Simone Weil, the French philosopher and political activist, had a deep appreciation for the Ancient Greeks and their works. She delved into the works of Homer, Sophocles, and Plato, among others.
Simone Weil’s influential book ‘Intimations of Christianity among the Ancient Greeks’ revolves around the belief that certain concepts and themes present in Ancient Greek thought and literature foreshadowed or resonated with Christian ideas and values. She further explores these parallels in her book ‘Gravity and Grace’ and in various essays.
Weil argues that the Ancient Greeks had glimpses or intuitions of truths that would later find their full expression in Christianity. She believed that despite the absence of a direct knowledge of Christ, the Greeks possessed a longing for divine truth and exhibited qualities that could be seen as precursors to Christian virtues.
One key aspect of Weil’s idea is the concept of ‘metachi,’ which she borrows from Plato’s dialogue ‘Phaedrus.’ Metachi refers to the intermediate spaces or intermediaries that bridge the gap between the visible and invisible, the material and spiritual realms. Weil saw metachi as a manifestation of the Christian concept of the Incarnation, where the divine and the human are united. She believed that the Ancient Greeks, through their myths, rituals, and art, sought to express and explore these intermediary realms.
For example, in her essay ‘The Love of God and Affliction,’ Weil suggests that the Greek myths of Eros and Psyche offer glimpses of divine love and the human soul’s quest for union with the divine. She finds in these myths echoes of the Christian understanding of God’s love for humanity and the yearning for communion with God.
Weil also emphasises the Greek concept of ‘kenosis’, or self-emptying, as a parallel to the Christian idea of self-sacrifice. In her essay ‘Forms of the Implicit Love of God,’ she writes, ‘The Greek spirit was the first to grasp the intellectual meaning of the Christian kenosis.’ She points to the works of Aeschylus, where heroes willingly undergo suffering and self-sacrifice for the greater good, as a precursor to the Christian notion of Christ’s sacrifice on the cross.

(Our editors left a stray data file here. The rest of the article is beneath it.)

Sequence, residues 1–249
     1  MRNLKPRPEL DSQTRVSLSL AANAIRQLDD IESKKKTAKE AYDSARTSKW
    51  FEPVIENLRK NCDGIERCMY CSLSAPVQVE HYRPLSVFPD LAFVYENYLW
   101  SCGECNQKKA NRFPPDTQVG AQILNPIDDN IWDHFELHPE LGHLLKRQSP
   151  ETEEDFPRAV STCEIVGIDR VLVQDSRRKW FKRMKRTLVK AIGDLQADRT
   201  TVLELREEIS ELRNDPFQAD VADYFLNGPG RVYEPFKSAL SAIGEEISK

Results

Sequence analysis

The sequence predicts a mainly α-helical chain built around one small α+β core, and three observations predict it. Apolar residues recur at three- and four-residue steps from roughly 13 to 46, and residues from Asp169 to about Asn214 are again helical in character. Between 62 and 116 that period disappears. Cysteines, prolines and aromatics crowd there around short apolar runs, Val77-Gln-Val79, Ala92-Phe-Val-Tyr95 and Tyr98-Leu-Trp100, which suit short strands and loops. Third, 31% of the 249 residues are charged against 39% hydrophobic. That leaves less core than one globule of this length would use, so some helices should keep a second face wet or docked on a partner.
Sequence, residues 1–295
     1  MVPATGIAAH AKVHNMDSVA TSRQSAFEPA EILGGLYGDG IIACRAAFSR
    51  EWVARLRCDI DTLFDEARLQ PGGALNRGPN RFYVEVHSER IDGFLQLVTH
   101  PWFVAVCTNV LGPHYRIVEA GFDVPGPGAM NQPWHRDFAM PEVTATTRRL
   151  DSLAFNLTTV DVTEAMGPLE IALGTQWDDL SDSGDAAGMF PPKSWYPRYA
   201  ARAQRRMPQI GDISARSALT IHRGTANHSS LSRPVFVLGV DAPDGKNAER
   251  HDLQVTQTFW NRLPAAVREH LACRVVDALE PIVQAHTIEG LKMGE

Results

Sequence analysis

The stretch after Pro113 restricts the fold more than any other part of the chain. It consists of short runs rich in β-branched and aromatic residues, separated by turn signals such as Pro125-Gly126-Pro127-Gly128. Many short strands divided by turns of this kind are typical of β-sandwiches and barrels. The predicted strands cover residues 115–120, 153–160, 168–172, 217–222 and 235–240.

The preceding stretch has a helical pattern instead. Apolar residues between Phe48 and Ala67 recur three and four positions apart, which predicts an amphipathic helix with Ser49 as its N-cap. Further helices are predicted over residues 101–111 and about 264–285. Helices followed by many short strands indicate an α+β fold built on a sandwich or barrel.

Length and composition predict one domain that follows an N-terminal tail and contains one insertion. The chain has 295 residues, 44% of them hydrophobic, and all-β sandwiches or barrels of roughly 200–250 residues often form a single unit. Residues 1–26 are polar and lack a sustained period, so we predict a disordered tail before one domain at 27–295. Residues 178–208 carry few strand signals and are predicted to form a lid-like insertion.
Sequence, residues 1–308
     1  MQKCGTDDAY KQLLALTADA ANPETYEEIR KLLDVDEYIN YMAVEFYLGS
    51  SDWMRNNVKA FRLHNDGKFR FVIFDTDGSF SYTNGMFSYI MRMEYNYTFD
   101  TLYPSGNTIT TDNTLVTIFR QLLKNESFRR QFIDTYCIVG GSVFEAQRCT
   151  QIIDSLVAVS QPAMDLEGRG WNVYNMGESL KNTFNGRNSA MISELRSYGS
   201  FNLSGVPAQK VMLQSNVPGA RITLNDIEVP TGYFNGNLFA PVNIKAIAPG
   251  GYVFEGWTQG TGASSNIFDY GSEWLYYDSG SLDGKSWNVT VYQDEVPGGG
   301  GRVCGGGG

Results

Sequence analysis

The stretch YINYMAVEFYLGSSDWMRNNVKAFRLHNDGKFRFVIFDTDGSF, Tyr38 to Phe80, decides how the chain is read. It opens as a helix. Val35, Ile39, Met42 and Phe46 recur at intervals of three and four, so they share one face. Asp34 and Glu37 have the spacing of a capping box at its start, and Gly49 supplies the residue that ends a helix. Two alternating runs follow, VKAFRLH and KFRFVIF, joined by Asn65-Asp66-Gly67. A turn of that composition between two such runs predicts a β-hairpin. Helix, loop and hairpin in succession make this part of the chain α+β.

Weil draws attention to the Greek idea of ‘logos’, meaning both reason and word, which she sees as an anticipation of the Christian notion of the Word made flesh in Christ. She highlights Heraclitus and the Gospel of John’s prologue as examples of this parallel.
Weil fuses the influences on Christianity by the Ancient Greeks, and finds a resonance that points to a deeper spiritual and human truth. Her exploration of these intuitions of Christianity among the Ancient Greeks serves to bridge the gap between the two traditions and highlight the universality of spiritual ideas.
In her book ‘The Iliad or the Poem of Force’, Weil provides a profound analysis of Homer’s epic. She explores the theme of force and its impact on humanity, drawing attention to the destructive nature of violence. Weil’s quote, ‘Force is as pitiless to the man who possesses it, or thinks he does, as it is to its victims; the second it crushes, the first it intoxicates,’ reveals her profound understanding of the dynamics of power and its consequences, which resonates with Homer’s classic depiction of the Trojan War.
Regarding Sophocles, Weil wrote extensively on his play ‘Antigone’ and its exploration of moral conflict. She highlights Antigone’s rebellion against an unjust law and the clash between human and divine laws. Weil’s quote, ‘The true hero, the true subject at the centre is moral courage,’ demonstrates her ability to grasp the underlying themes and philosophical questions posed by Sophocles.